Japanese royal couple in Vietnam to mark 50 years of ties

Japan’s Crown Prince Akishino and Crown Princess Kiko were welcomed Thursday in Hanoi by lines of flag-waving schoolchildren, as they began a visit marking the 50th anniversary of diplomatic ties between the two nations.

The royal couple laid wreaths at the mausoleum of late president Ho Chi Minh, before heading to the former home — a traditional stilt house — of the revolutionary leader and feeding fish in a pond outside.

Akishino — the younger brother of Emperor Naruhito — was last in Vietnam, which Japan once occupied, more than two decades ago.

The two nations have maintained close diplomatic and trade ties, with Japan considered one of Vietnam’s most important economic partners.

Close to half a million Vietnamese people are living in Japan, according to Vietnamese state media, citing Japanese government figures.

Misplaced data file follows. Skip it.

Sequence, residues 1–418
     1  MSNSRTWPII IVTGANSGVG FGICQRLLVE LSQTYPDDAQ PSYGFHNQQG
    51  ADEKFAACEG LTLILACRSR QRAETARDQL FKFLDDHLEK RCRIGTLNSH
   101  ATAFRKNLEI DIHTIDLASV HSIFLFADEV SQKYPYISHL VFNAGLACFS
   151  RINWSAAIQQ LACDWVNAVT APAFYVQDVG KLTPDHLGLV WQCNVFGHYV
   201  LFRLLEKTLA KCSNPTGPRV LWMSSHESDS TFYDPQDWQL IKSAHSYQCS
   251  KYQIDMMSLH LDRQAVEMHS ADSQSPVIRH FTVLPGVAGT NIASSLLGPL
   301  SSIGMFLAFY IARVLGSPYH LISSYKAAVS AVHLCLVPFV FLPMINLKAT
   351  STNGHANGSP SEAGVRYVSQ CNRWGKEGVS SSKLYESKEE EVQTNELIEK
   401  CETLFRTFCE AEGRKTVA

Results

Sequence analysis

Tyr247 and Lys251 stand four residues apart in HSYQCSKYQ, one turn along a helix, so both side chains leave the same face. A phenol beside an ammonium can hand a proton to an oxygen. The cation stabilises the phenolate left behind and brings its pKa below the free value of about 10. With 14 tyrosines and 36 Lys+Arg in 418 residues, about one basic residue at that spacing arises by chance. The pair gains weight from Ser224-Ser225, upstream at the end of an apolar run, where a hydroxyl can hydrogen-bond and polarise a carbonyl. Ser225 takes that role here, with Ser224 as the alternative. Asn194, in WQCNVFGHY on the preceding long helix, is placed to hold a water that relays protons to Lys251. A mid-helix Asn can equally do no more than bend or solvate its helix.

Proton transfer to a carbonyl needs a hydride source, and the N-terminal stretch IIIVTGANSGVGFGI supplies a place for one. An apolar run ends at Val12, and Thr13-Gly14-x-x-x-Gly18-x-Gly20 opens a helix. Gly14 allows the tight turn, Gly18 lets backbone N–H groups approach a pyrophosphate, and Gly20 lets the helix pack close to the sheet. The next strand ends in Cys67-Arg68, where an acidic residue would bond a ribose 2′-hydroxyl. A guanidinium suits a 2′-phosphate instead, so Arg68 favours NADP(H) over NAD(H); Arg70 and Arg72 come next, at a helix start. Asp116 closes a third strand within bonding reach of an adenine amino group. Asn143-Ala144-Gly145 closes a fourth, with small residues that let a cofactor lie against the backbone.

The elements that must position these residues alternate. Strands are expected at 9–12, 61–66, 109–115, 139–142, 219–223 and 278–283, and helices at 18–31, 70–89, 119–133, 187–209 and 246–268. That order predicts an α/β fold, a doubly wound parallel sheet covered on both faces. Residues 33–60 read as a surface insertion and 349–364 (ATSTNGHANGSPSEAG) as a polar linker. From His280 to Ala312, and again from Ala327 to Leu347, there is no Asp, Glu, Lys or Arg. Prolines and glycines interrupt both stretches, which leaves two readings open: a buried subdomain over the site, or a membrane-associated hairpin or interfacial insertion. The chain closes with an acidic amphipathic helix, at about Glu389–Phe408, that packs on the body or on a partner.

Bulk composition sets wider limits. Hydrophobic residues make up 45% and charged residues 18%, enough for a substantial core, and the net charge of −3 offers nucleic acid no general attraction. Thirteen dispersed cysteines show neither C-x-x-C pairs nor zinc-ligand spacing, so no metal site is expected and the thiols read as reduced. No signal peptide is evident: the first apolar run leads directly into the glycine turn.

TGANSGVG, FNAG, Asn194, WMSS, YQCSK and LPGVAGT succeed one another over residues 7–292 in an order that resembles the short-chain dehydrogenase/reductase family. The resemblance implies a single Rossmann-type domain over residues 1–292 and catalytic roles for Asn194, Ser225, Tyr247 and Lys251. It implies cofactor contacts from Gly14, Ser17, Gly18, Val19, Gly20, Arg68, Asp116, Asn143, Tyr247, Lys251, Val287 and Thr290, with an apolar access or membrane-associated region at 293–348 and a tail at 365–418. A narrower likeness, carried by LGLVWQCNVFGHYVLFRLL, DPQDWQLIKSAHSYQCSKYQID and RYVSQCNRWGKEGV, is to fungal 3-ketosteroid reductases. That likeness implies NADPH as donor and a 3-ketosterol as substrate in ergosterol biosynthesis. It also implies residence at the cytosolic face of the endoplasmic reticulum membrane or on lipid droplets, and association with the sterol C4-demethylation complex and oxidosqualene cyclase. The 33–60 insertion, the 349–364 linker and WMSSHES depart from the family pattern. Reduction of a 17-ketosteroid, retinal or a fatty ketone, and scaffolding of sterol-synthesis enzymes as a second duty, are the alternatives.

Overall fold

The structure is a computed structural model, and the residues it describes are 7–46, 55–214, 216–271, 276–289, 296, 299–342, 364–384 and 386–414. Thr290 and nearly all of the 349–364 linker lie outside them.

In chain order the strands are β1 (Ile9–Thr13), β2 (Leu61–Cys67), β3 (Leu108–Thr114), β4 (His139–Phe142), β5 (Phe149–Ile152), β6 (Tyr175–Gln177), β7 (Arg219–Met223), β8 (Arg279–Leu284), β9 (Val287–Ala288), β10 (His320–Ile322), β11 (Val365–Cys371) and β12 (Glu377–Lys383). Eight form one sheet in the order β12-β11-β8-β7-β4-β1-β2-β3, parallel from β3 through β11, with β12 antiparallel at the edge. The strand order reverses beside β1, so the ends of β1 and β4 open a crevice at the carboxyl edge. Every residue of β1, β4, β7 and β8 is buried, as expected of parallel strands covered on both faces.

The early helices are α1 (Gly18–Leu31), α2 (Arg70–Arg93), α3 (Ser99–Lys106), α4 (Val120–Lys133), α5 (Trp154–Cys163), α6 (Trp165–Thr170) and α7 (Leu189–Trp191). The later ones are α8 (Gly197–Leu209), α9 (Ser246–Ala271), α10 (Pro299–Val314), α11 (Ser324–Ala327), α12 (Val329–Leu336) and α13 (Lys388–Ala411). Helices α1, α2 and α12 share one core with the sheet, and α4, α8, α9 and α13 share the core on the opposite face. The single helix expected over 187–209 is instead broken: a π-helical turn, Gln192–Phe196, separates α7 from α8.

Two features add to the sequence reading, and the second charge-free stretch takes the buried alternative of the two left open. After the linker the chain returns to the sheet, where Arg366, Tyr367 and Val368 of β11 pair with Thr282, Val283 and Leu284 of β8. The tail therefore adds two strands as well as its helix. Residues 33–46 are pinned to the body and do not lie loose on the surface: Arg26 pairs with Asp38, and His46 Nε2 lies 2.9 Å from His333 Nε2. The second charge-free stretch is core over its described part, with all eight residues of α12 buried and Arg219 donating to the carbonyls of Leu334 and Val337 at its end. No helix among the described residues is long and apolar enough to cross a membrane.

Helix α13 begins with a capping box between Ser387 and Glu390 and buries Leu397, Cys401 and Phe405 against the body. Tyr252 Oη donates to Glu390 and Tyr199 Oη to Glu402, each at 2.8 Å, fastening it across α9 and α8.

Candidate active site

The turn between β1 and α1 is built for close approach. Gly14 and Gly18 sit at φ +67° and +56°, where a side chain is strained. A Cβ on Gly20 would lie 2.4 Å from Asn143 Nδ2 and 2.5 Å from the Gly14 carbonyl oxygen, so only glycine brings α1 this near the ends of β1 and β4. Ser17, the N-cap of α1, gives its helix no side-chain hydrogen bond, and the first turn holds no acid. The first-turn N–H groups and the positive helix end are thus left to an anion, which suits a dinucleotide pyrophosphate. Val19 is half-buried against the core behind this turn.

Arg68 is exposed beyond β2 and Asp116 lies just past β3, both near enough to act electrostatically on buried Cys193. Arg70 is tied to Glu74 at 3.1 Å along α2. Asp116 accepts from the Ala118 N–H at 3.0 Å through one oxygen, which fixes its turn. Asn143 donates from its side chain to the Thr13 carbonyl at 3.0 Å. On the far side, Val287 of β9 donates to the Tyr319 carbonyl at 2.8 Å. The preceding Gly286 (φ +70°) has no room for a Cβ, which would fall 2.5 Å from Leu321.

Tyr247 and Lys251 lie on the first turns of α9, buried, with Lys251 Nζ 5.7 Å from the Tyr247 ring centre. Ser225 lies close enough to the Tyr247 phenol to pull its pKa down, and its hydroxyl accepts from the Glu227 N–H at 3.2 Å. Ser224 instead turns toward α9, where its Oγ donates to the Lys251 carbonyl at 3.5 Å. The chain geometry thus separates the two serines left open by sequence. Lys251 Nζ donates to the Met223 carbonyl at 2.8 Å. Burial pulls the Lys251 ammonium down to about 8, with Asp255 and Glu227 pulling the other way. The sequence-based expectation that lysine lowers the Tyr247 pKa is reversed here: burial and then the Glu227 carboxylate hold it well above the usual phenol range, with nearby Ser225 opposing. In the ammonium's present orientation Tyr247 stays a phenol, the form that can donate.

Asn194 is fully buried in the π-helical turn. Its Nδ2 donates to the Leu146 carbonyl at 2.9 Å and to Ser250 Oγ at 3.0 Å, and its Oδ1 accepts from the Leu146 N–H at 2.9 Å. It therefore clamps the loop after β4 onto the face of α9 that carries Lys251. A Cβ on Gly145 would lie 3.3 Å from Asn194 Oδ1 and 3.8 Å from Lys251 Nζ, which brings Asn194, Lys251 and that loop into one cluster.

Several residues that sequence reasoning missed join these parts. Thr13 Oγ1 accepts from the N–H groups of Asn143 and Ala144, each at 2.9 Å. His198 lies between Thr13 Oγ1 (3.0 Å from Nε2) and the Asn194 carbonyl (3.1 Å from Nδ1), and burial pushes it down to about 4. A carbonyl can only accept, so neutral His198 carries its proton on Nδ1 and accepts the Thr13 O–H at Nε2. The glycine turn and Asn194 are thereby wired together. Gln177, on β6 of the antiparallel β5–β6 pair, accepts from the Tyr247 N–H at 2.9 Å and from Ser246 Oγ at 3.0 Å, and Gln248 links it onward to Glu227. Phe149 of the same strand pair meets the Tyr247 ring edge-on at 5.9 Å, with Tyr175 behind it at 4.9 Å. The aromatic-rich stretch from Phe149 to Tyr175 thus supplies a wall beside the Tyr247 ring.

The couple’s five-day trip will see them tour the central city of Danang, as well as Quang Nam province, where Japanese business people came to trade in the 16th century.

They will also meet the families of former Japanese soldiers who stayed on after World War II to fight for Vietnamese independence from French colonisers.

Vietnam, then part of Indochina, was a French-administered possession of Japan for five years from 1940.

In June, Emperor Naruhito and his wife Masako visited Indonesia, this year’s chair of the Association of Southeast Asian Nations.

ASEAN and Japan this year also mark 50 years of friendship. — Agence France-Presse

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